When we updated our website in 2014, it was challenging and fun because it completely overhauled our look and feel. We have had numerous compliments about the website.  www.foundationsbank.com When we first opened the bank in 2005, every employee participated in strategic planning sessions on Saturdays. We had five sessions on Saturdays to outline a SWOT analysis and set goals. This enforced ownership at every level of the organization and set the culture of who we were and what we wanted to achieve. We saw the benefit of the entire staff delivering the same message and working toward the same goals.

Community Banking Month Spotlight: The Murray Bank

Community Banking Month Spotlight: The Murray Bank
Today’s Member Spotlight focuses on The Murray Bank from Murray, Ky. In the following interview, Marketing Coordinator Tim Stark explains how his community bank’s school spirit makes it unique.

What is unique about your community bank?
As the only locally owned bank in our community, The Murray Bank is heavily involved with both of our local school systems. We came up with a creative way to not only help, but to allow customers and fans to have a way to show their school spirit and earn money for their prospective school system at the same time. The Murray Bank offers two “Spirit Debit Cards,” one for each of our local school systems. Each card features a logo of the school of choice on the face of the card, and customers can choose which school-themed card they would like to use. For each swipe of the Spirit Debit Cards, The Murray Bank shares the fee income per transaction with that school. In February 2015, The Murray Bank was pleased to present each school with a check in the amount of $5,500. With this year’s donation, The Murray Bank Spirit Debit Card donation totals more than $27,500 to each school.

What is the quirkiest, strangest or funniest thing you’ve seen at your community bank?
One of the funniest things I have seen in my short time here was when we participated in the ALS Ice Bucket Challenge last year. The reactions of the president, vice presidents and other officers were priceless. To have more than half of our office staff participating in one way or another, and to be able to have some of our local ALS patients come out and watch, was a very special day. To see them laughing at us freezing as the ice water was poured on us was worth every chill!

What is your proudest moment from your time at your community bank?
One of the proudest moments I have happens every day when I go out into the community and visit with our customers and future customers. I am proud to work for an organization that is community oriented and community supported. And to hear our customers talk about how they are proud to bank with us because of what we do for our hometown every day, makes me proud every day.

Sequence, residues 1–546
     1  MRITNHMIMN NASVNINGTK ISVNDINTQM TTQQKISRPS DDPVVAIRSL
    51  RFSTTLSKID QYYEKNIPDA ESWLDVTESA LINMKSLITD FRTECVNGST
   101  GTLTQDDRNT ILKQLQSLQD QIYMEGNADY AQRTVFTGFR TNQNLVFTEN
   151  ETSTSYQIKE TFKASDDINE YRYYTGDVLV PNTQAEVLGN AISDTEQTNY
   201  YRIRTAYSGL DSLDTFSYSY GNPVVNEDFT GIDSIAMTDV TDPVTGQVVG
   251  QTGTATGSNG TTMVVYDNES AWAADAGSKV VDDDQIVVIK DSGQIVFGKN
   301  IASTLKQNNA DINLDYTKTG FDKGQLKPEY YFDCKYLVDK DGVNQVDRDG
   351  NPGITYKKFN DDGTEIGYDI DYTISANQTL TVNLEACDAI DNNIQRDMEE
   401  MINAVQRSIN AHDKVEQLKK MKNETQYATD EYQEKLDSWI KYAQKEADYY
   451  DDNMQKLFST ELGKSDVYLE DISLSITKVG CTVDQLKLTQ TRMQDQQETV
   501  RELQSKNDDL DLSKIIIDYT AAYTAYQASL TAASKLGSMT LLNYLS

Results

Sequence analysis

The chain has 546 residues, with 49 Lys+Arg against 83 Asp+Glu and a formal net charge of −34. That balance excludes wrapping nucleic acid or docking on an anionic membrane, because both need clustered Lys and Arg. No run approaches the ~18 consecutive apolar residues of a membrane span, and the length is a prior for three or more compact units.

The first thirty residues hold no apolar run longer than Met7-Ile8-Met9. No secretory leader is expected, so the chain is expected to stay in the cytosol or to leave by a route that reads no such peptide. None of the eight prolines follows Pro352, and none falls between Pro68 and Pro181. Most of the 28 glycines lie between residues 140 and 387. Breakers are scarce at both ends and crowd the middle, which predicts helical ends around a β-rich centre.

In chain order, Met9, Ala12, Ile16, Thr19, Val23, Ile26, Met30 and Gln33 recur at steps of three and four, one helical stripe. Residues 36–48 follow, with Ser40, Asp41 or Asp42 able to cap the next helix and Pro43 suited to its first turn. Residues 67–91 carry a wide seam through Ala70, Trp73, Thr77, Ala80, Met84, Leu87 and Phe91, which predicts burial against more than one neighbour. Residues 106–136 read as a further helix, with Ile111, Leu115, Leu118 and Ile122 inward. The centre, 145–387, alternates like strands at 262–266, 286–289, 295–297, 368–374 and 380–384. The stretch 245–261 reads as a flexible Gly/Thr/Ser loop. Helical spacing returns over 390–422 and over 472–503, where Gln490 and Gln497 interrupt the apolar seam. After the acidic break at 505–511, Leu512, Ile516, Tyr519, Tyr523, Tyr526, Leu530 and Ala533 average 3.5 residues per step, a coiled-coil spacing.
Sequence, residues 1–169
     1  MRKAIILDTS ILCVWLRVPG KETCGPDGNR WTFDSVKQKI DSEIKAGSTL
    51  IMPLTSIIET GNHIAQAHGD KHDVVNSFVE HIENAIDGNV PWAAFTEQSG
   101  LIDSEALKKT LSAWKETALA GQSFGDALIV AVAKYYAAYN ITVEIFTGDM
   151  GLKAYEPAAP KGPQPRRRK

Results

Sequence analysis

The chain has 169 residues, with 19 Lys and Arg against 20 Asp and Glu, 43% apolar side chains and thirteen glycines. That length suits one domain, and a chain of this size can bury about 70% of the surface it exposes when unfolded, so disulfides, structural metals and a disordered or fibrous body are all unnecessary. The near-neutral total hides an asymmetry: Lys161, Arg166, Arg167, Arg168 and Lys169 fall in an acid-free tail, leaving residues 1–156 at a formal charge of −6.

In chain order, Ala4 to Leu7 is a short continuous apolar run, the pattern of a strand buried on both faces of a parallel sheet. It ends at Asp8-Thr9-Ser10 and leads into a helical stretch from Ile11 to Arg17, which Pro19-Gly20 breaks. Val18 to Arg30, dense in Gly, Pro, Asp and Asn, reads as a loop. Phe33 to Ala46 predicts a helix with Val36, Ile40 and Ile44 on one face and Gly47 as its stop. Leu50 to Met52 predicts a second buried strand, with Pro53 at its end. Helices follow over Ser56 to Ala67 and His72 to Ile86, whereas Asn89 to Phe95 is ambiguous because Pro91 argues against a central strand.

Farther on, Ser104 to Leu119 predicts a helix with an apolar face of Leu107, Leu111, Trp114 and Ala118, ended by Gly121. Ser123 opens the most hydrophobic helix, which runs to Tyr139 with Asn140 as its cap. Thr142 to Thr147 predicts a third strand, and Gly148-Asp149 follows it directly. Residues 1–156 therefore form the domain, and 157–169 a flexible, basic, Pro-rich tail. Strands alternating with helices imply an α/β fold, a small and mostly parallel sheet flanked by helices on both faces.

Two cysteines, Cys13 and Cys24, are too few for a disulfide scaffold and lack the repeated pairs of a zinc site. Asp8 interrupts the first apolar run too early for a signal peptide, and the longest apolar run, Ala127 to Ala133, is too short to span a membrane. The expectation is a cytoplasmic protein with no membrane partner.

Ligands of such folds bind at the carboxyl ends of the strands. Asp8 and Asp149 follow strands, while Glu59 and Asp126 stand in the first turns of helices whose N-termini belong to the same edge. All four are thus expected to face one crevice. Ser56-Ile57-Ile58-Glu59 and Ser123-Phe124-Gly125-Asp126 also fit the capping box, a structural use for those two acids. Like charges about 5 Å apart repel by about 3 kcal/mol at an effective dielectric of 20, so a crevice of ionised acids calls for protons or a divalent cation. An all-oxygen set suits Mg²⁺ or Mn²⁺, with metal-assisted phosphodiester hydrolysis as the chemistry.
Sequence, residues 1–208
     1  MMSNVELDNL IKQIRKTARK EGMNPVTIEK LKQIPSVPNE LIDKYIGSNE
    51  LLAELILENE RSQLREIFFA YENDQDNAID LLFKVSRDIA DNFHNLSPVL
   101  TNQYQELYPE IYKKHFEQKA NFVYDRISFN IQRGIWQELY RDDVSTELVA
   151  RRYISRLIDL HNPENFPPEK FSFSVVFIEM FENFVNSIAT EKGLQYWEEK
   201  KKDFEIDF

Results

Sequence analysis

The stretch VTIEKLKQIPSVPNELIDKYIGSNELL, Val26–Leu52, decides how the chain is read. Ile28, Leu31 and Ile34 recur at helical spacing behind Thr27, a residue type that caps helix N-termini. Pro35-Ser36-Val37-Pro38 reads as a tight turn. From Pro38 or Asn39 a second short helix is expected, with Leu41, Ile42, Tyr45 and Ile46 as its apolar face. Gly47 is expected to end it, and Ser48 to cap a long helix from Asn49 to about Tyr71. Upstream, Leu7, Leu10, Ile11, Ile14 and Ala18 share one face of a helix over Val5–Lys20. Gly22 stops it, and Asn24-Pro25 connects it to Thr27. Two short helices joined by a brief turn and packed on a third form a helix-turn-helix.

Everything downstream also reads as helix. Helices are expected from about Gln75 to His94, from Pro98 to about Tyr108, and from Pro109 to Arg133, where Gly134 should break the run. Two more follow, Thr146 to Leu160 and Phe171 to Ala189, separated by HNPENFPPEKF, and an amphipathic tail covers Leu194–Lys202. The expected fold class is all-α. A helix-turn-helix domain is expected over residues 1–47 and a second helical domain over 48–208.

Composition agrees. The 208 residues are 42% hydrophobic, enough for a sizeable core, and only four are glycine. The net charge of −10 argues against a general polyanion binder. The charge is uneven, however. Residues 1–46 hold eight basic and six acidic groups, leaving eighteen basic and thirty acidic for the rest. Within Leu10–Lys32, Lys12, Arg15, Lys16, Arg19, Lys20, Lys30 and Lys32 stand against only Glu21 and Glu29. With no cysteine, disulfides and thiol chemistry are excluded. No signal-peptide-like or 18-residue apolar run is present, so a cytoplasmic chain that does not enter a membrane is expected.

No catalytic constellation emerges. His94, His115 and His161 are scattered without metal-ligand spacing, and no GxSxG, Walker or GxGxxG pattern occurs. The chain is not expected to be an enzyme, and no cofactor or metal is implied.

What is your favorite project you’ve ever worked on at your community bank?
My favorite project I have worked on so far has been The Murray Bank “Back to School Family Movie Matinee.” We offer an opportunity for our community to come out and have a family day at our local theater, right before the kids start back to school in the fall. We pay the price of admission and offer free popcorn and soda to all who attend. We offer door prizes, free pictures made with props from the movie and an overall fun atmosphere as our staff works the ticket counter and refreshment stand. Last year we showed the movie “Planes: Fire and Rescue” and brought out the local fire department and firefighters for the kids to interact with. The kids could get into the fire trucks, talk with the local firefighters, and have their pictures made with the firefighters.

Montana Based American Federal Savings Bank: Commitment to Financial Literacy in Local High Schools

American Federal Savings Bank, located in Montana, offers employees the Financial Wellness program as well as offering members of their local communities access to Financial Peace University. Specifically, American Federal reaches out to more than 450 students at 11 area high schools as part of its Foundations in Personal Finance. 

American Federal is the first bank in Montana to have initiated this practice and sponsor in local high schools. Sponsorship was the idea of the bank’s CEO, Pete Johnson. In 2010, the program began in Helena, Bozeman, Butte and Townsend, and in 2012, the financial literacy program expanded into Missoula, Hamilton, Big Timber, Livingston, Billings and other eastern Montana communities.

Throughout the month of August, we’ll be posting regular posts highlighting financial literacy information, including community banks who are active in their local communities’ financial literacy programs.

Have a story to share? Reach out to either Audrey Wright-Cipriano at audrey.cipriano@icba.org or Jessica Wallace at jessica.wallace@icba.org. 

Back to school finance tips for college students

Don’t panic yet, kids! There are still a few more weeks of summer left. But for incoming college freshmen, creating and managing your own finances is something that might be new to you.

Keystone Community Bank in Kalamazoo, Michigan posted six tips last summer with suggestions for incoming college students:

1. Open a checking account at a community bank in the town where the student will be going to school. Have the student put at least one other signer on the account, such as a parent (or both parents if applicable), who may have to deposit funds into the account or need access to the account in the future. Remember, banks cannot deal with someone efficiently if they’re not on the account.

2. Keep account information confidential and don’t share account numbers, passwords, PINs, etc.

3. Get a debit card to go with the checking account and get some minimal overdraft protection, just in case you or your student make an error in your account. Mistakes do happen.

4. Don’t get paper statements. Opt for electronic statements and get online banking, mobile banking and bill pay, which are free at many banks. Students tend to move frequently, so electronic statements avoid the needless hassle (and security risk) of paper statements getting in the wrong hands or not getting forwarded.

5. Use online or mobile banking to check the account daily. It just takes a couple of minutes and you can make sure the activity going through your account is all legitimate. Plus, you might be able to avoid an error that could result in overdraft charges, which are expensive.

6. Students: avoid credit card offers for the most part, or at least first talk about it with your parents, so you can make a good decision.

What other pieces of advice would you give young adults on how to handle their money?